When hospital consultant Ron Daniels began treating coronavirus victims he was struck by how many of his patients could hold conversations despite low blood oxygen levels, which would normally be extremely hard for someone with a serious lung or respiratory illness.
“If they have bacterial pneumonia they would normally be pretty breathless and tired,” said Dr Daniels, a specialist at UK intensive care units. “Patients with Covid-19 do not seem to get that.”
This unusual feature of the disease is among the reasons why clinicians are reassessing when and how to deploy the ventilators seen as critical for treating those with the most acute symptoms — and which have become the most sought-after medical tool for fighting the pandemic.
As governments around the world rush to procure the life-saving machines as the number of confirmed cases nears 3m, some physicians have flagged up a tendency to use them too quickly in those struck down by the virus, potentially causing harm.
“We as a medical community are still learning new things about diseases that have been here since the dawn of humanity,” said Craig Jabaley, a professor at the Emory University School of Medicine in the US, who believes a patient’s situation should be properly assessed before “intubating” with a ventilator. “Coronavirus is a few months old — so we are learning new things about it all the time.”
When a patient is placed on a ventilator, they are sedated and a tube is inserted into their windpipe through which pressured oxygen is piped to mimic breathing. This invasive process is generally reserved for the most severely ill patients as it carries the risk of complications such as lung damage, kidney dysfunction and infections.
During the early stages of the outbreak, doctors in many countries placed patients on to ventilators based on low levels of blood oxygen. This typically manifests as shortness of breath, dizziness or confusion and if not treated can lead to organ damage.
But some doctors say it is becoming clear that, in Covid-19 patients, there are benefits from intubating slightly later, at a lower pressure initially to avoid injury to the lungs and often only if other therapies have failed.
“At the beginning we were treating the numbers — peoples’ low blood-oxygen levels — whereas now we have migrated . . . towards ventilating based on symptoms. We are looking instead at how breathless a person is and how tired they are,” said Dr Daniels.
In contrast to some other forms of respiratory failure, many Covid-19 patients do not have “stiff” lungs, said Dr Jabaley. He pointed out that questions around timing of ventilation were not unique to this virus. “The medical community has been having this debate about when to transition patients from non-invasive respiratory support for many years,” he said.
Ventilators are no panacea. Of the 12 per cent of Covid-19 patients who were put on ventilators in New York’s largest hospital system, there was an 88 per cent mortality rate, according to a recent paper.
Yet some experts believe that fear of missing a window of opportunity for potentially life-saving treatment may have led some medics to pursue early intubation.
“At the beginning of the pandemic the idea was that these patients are sick — we need to get them ventilated quickly,” said Alison Pittard, dean of the UK’s Faculty of Intensive Care Medicine.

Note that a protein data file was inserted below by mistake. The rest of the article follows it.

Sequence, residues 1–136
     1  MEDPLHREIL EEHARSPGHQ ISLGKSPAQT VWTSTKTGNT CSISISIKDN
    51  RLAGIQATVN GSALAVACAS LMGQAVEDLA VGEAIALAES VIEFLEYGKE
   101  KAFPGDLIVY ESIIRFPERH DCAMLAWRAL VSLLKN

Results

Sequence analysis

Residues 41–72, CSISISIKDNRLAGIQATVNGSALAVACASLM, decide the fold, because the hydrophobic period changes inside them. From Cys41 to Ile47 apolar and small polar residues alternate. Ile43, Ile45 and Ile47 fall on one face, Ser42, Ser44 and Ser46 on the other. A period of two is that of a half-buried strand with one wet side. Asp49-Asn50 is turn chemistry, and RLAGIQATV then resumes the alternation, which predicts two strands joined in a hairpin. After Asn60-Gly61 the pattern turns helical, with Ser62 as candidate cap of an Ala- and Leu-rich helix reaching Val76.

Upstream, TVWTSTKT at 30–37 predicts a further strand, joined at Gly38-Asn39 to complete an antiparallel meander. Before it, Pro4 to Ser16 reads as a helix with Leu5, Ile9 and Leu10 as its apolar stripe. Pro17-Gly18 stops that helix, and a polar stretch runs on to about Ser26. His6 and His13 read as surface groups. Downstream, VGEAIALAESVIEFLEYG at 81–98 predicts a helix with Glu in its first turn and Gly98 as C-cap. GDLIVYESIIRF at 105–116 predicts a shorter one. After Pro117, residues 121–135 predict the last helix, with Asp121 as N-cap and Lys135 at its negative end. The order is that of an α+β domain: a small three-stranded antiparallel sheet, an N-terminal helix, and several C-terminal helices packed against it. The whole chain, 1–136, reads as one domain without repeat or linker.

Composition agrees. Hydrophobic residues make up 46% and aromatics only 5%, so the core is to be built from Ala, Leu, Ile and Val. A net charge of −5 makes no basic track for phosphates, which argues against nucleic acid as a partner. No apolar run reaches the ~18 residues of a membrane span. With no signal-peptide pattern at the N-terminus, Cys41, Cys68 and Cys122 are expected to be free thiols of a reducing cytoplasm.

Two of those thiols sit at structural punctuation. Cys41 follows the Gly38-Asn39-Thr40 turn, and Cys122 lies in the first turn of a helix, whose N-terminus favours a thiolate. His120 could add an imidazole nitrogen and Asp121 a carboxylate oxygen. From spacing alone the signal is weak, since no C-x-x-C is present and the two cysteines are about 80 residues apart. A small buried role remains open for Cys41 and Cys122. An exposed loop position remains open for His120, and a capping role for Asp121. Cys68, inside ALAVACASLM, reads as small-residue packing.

But she said experience had since shown success with non-invasive ventilation methods, which include oxygen piped through nasal tubes or continuous positive airway pressure (CPAP) devices with tight-fitting masks that keep the airways open.
Giacomo Grasselli, who coordinates intensive care units in the hard-hit Italian region of Lombardy, highlighted the benefits of patients undergoing CPAP being placed face down to improve oxygenation — known as proning. “You need some patient co-operation, but it is feasible and on a gut feeling I think it is useful,” he said.
One drawback is that CPAP devices generate aerosols and droplets that some warn could pose an infectious risk to healthcare workers. Nasal tubes also consume large quantities of oxygen, putting a strain on supplies.
Because a Covid-19 patient can worsen suddenly, there is also the danger that life-saving intubation could be delivered too late, when they are too exhausted to recover.
Yet the many unknowns about the pathology mean there is no easy consensus in the debate. Leo Heunks, head of the European Respiratory Society’s intensive care medicine group, disagreed that there was an emerging trend to intubate later and said doctors were actually intervening with the treatment earlier. He argued that patients who spent more time on non-invasive support risked suffering lung damage as they strained to breathe on their own.
“We started to realise that when we delay intubation too much, the patients start to damage their own lungs,” he said. “Once you get to a critical phase of Covid you are going to need intubation anyway. Why don’t you just rest the lungs?”
For now, practitioners will keep refining their clinical methods as greater knowledge of the virus is gleaned.
Luciano Gattinoni, professor at the Medical University of Göttingen in Germany, said the key test for invasive ventilation should be continuous vigorous inspiratory efforts — in other words, very heavy breathing — which left untreated could lead to lung injury.
“Remember, with this technique we do not cure the patient,” he said. “We buy time to keep the patient alive while the body fights against the virus.”